eVolo Magazine just announced the winners of its 2018 Skyscraper Competition. One of this year’s honorable mentions is “Manhattan Ridge: Affordable Housing for Commuters” by Zhenjia Wang and Xiayi Li, a proposal based on the premise that “people who work in Manhattan deserve a home in Manhattan.” Therefore, they’ve created a new, tripartite vertical system in which residents would consume and recreate “downstairs” and work right next to where they live. The existing buildings would remain and this new vertical space would rise up their facades.
Based on a survey, the two designers found most people who work in Manhattan cannot afford to live there and spend about an average of 6 hours and 18 minutes per week commuting, “which is almost like another 8 hour work day.” Their solution is to create more land which would be more affordable and house more people. They say, “Manhattan has been overexploited and one can hardly find usable land to build new residential buildings. By introducing a new type of land resource… people will be given a new type of space to reside and live.”
The name of the project is based on the Mid-Atlantic Ridge (MAR) which is where a boundary plate between two tectonic plates where lava erupts producing a crust-like material that is the only thing holding the two plates together. The Manhattan Ridge proposal “mimics the process of mid-ocean ridge’s production of new seafloor results from mantle upwelling, where new usable space be created out of none by being elevated over city traffic corridors (avenues, streets, roads, lanes) in between buildings.”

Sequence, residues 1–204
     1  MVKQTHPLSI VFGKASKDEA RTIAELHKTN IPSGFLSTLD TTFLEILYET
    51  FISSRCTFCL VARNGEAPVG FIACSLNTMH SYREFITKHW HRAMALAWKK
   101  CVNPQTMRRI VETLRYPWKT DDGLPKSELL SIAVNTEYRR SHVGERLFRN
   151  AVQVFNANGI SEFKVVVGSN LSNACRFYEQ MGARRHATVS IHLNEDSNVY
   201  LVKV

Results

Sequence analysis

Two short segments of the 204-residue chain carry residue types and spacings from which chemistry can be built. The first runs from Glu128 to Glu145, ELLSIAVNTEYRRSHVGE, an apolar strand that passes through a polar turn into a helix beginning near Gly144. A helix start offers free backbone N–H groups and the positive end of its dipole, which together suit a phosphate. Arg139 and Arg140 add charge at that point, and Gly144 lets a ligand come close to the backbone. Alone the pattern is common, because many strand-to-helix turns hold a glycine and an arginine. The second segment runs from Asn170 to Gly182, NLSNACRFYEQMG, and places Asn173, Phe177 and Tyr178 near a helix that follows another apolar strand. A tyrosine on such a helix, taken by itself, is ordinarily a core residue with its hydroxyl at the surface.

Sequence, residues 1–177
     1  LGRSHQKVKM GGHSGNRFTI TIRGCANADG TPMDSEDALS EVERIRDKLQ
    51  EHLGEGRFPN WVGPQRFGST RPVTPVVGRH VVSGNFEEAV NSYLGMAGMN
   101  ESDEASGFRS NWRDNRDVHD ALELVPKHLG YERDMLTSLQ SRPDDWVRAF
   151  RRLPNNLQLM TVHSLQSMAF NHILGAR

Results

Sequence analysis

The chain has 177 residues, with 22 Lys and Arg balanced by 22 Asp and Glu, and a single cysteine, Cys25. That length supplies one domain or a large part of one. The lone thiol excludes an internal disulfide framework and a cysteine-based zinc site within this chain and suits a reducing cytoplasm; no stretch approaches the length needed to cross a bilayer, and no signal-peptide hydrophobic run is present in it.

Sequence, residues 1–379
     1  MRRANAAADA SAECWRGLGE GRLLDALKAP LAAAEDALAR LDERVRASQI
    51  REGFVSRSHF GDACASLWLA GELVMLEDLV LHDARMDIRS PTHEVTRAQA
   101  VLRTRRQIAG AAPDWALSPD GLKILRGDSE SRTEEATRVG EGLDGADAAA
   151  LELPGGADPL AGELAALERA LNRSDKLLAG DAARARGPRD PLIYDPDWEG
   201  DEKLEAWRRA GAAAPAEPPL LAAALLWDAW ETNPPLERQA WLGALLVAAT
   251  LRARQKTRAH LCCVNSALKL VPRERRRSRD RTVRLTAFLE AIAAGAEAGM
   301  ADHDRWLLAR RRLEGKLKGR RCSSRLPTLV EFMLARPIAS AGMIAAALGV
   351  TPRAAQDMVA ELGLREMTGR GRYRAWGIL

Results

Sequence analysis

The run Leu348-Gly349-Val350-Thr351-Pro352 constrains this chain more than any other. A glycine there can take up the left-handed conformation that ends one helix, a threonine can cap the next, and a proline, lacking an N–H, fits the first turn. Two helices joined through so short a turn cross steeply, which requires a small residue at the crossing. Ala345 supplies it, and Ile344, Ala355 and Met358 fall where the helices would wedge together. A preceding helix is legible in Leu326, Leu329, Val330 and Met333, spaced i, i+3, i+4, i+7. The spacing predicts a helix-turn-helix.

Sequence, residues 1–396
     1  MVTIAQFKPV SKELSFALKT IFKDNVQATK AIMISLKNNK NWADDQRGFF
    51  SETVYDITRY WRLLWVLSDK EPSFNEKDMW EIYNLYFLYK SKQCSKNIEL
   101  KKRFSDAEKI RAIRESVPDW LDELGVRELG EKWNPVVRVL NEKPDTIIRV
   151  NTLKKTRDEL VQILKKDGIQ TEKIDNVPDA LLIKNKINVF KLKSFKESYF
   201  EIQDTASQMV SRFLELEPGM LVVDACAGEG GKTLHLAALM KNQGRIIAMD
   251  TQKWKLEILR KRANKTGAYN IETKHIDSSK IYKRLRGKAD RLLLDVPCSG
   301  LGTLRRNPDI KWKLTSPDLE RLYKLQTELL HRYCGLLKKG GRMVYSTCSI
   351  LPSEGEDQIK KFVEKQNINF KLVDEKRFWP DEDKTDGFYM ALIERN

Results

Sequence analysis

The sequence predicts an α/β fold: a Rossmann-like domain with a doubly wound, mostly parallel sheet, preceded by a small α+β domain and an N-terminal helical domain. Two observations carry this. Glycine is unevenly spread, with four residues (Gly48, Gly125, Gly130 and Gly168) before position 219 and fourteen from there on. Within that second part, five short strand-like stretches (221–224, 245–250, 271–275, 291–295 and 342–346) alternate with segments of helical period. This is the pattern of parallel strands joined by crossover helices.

In their proposed new vertical system, there are three levels of space: street level, which remains unchanged; the middle mix-use level, which is a new elevated level sitting on giant columns; and the rooftop level, for farming, entertainment and relaxing.
No one would argue that commuting is a real drag. But increasing the capacity of Manhattan by creating new land raises a lot of other issues. This may be a fun thought project but just as hardening lava takes a while to become usable land, Zhenjia Wang and Xiayi Li’s design would definitely need to figure out a lot of bumps in their new roads.
The annual eVolo award was established in 2006 to recognize visionary projects that use technology, materials, programs, aesthetics, and spatial organizations in novel ways. This year, the jury selected 3 winners and 27 honorable mentions from 526 projects received. You can view the winning projects here >>
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Images via Zhenjia Wang and Xiayi Li